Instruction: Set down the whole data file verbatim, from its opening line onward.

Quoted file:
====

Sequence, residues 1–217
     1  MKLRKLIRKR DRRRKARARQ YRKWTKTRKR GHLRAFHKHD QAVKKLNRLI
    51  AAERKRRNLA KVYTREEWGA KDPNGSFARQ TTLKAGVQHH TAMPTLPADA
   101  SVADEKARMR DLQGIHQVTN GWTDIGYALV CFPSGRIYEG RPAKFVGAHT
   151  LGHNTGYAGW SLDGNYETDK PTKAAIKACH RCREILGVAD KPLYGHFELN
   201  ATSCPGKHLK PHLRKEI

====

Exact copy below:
Sequence, residues 1–217
     1  MKLRKLIRKR DRRRKARARQ YRKWTKTRKR GHLRAFHKHD QAVKKLNRLI
    51  AAERKRRNLA KVYTREEWGA KDPNGSFARQ TTLKAGVQHH TAMPTLPADA
   101  SVADEKARMR DLQGIHQVTN GWTDIGYALV CFPSGRIYEG RPAKFVGAHT
   151  LGHNTGYAGW SLDGNYETDK PTKAAIKACH RCREILGVAD KPLYGHFELN
   201  ATSCPGKHLK PHLRKEI